December 2012 Patch Tuesday preview

Critical Bulletins 1 and 4, both remotely executable, are worth noting. The first involves Internet Explorer and affects all versions from IE6 to IE10, including the Windows RT version on the new Surface tablet. "This makes it the second patch in as many months for Microsoft’s new gadget," notes Trustwave's Ziv Mador.

The second, Bulletin 4, will arguably be the most troublesome. “This is probably related to Oracle recently updating Outside In, which is used by Microsoft Exchange,” explains Marcus Carey, a security researcher at Rapid7.

It involves a critical vulnerability that requires a restart in Exchange 2007 SP3 and 2010 SP1 and 2. “This is my number one vulnerability in the bunch,” comments Alex Horan, senior product manager, CORE Security. “You don’t just randomly turn off email serves without generating howls of protest from your company to fix this one.” The problem, however, is that since Exchange faces the internet, the bad guys won’t need to break into the network to get at the vulnerabilities. “They just have to send an email or connect to the port where you receive email,” says Horan.

Bulletin 3 is also noteworthy. It’s a Word issue involving RTF parsing; and while Word issues are normally marked important, this one is critical. “Similar to a bulletin issued a few months ago,” explains Lumension’s Paul Henry, “there’s an issue with RTF formatted data that can be parsed in the Outlook Preview Pane, executing the vulnerability. Because of that parsing, this will be very important to apply quickly.”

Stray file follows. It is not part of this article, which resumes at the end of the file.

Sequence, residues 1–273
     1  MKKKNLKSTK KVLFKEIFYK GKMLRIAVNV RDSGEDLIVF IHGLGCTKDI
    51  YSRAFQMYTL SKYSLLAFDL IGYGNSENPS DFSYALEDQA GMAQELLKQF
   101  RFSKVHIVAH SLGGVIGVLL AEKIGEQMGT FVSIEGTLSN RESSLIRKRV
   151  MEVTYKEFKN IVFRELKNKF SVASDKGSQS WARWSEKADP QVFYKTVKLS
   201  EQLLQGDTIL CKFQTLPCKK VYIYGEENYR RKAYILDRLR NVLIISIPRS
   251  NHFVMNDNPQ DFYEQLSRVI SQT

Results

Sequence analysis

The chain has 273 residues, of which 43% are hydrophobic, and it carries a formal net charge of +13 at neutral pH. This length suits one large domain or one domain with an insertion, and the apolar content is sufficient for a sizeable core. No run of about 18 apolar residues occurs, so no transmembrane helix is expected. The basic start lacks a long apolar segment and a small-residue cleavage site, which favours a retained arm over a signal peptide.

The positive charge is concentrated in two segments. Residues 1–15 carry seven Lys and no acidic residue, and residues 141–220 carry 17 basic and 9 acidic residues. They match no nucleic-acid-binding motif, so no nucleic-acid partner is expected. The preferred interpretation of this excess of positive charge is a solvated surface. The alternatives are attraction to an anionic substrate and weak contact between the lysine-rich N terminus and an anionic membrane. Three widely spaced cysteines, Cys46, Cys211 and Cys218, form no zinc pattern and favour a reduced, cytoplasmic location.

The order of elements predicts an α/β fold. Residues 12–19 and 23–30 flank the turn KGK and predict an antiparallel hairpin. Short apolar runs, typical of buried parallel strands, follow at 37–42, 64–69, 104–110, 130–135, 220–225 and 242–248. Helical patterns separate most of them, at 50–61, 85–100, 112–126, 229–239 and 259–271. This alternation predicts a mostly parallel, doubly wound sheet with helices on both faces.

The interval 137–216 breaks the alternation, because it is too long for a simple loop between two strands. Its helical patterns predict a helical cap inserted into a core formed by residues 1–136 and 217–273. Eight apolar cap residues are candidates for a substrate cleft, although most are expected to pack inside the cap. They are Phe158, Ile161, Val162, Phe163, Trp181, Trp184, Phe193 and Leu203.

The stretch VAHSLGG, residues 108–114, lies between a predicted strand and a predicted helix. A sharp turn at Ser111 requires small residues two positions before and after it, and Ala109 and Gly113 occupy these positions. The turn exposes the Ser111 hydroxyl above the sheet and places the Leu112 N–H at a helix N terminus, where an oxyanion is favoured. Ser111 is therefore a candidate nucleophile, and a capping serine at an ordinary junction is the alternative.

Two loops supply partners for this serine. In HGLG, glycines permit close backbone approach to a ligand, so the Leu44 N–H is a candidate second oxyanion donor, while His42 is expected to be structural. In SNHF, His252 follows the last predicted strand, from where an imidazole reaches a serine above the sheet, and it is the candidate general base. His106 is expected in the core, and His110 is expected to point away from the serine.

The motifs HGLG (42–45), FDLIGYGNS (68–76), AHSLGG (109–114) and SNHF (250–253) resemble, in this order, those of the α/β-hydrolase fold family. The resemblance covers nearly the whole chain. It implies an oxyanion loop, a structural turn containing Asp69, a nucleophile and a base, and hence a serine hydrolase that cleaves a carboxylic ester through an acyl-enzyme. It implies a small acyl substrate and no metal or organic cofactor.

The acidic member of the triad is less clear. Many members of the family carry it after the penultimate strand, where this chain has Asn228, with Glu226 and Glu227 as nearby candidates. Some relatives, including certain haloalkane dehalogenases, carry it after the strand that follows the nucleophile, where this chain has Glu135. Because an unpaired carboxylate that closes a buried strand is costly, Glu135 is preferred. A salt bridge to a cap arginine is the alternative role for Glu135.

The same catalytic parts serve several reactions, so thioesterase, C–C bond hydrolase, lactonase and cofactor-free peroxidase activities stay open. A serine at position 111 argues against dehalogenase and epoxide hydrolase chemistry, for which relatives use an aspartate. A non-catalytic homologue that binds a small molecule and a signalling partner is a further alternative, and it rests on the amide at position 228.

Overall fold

Perhaps less noteworthy, but similarly marked critical and both requiring a restart are Bulletins 2 and 5. Bulletin 2, says Henry, “is a kernel mode drivers issue.” But he adds, “because executing on this vulnerability would be time consuming and difficult, this is less important than the Word and IE issues.” Bulletin 5 is a Windows File Handling issue for Windows XP SP3, Server 2003 SP2, Vista SP2, Server 2008 SP2, Windows 7 SP0 and 1, Windows 2008 SP0&1. “If they had added Windows 8 then this would have been my new favorite,” says Horan. “Still that list represents a large percentage of the Microsoft operating systems that are installed out there.”

Bulletins 6 and 7 are classified as important. The former is a vulnerability in Direct Play, affecting all versions of Windows from XP through Windows 8. “If you use Direct Play to parse content in Office documents or things embedded in Office documents,” explains Henry, “this vulnerability will come into play.” The latter is a vulnerability in IP HTTPS in Windows server 2008 and 2012, a component in Direct Access. “Essentially,” says Henry, “this is a bug that doesn’t honor the revocation of time stamp, as you might see for corporate credentials after an employee leaves a company. This vulnerability would allow someone with a revoked certificate to log in and access corporate assets.” 

One of the problems with this Patch Tuesday is the timing – we’re into the holiday season and reboots are particularly intrusive. Admins may be tempted to delay patching until the new year; but they should consider that as soon as the vulnerability specifics are published next week, hackers will be working on how to exploit them. Delaying patches is never a good idea however appealing it may seem at the time.

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